Of course, it is likely that those using BVI and Cayman Island companies to hide wealth from prying tax collectors will likely look elsewhere to stash their money, and indeed there has been a modest increase in investors leaving these territories. Neighboring countries – including the Bahamas, Belize, Nevis, and Panama – have benefitted from this exodus of discreet wealth since they have yet to adopt the same disclosure rules and already offer similar offshore corporate services.
The bulk of the Cayman Islands and BVI’s business, which comes mostly from multinational companies and large international investors and funds, will not change. This is especially true for public companies, for which discretion is not a priority as leading stock exchanges already impose stricter disclosure requirements on these companies anyway. Both jurisdictions still continue to be popular for incorporating holding companies for initial public offerings, even though the UK Parliament first passed the law necessitating greater transparency in its overseas territories in May 2018.
Offshore Goes Onshore
With increased global scrutiny and political pressure on offshore jurisdictions to improve disclosure and transparency, investors are expected to consider onshore jurisdictions to hold wealth rather than use traditional offshore havens. This is especially true for US and Canadian investors, who have existing access to economic zones that are beginning to rival the Caribbean powerhouses in scale and expertise.
If the function of an offshore hub is to provide a stable and discreet economic environment with low taxes, then North American investors can already easily find that in several existing jurisdictions, including Delaware, Vancouver, or Nova Scotia. While perhaps not pure offshore hubs, these onshore jurisdictions now offer more privacy than the Cayman Islands and BVI and are convenient from a legal and cost perspective.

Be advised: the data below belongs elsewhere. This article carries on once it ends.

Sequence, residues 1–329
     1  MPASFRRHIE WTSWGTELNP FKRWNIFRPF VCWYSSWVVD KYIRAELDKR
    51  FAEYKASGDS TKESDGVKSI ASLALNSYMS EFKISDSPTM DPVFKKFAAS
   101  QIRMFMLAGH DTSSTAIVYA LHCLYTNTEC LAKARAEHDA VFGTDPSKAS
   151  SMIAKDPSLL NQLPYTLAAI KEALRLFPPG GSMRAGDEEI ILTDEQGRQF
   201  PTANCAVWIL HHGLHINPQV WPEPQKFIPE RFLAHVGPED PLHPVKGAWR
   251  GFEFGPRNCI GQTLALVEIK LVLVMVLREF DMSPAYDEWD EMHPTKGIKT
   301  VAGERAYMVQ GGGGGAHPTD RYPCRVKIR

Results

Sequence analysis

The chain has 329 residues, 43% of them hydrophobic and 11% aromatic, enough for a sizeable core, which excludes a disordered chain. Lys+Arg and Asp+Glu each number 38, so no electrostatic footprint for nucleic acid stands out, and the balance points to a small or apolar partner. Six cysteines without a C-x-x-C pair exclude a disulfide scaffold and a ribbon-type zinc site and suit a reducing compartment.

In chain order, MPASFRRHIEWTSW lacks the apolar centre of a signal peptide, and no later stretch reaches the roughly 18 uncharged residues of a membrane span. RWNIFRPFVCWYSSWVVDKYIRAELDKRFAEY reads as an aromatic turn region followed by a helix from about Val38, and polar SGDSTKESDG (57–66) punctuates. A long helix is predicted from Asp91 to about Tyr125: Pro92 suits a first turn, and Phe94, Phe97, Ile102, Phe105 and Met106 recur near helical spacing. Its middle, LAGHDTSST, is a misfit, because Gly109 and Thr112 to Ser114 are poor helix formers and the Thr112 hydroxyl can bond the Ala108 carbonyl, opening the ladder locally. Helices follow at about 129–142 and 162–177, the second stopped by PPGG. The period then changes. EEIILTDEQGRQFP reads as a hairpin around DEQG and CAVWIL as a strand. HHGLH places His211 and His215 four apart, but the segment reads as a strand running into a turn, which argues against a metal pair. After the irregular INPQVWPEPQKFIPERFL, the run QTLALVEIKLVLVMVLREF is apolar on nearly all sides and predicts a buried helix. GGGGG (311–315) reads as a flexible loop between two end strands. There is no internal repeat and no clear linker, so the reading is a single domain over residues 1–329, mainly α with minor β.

The convenience of investing domestically is not new to North American investors. Over the past 10 years, North American advisors have seldom encouraged investors to hold money offshore, a trend expected to continue. Moreover, recent years have seen an increase in wealthy foreigners, particularly East Asian investors who hold wealth in favorable North American states and jurisdictions.
Europe, the Middle East, and Africa (EMEA) are home to numerous offshore hubs – from tax havens in Western Europe to exotic, discreet locations like the Seychelles. Malta and Cyprus have traditionally functioned as the primary offshore locations in the region, given their proximity to Western Europe and the perception of political stability with low taxes and significant privacy.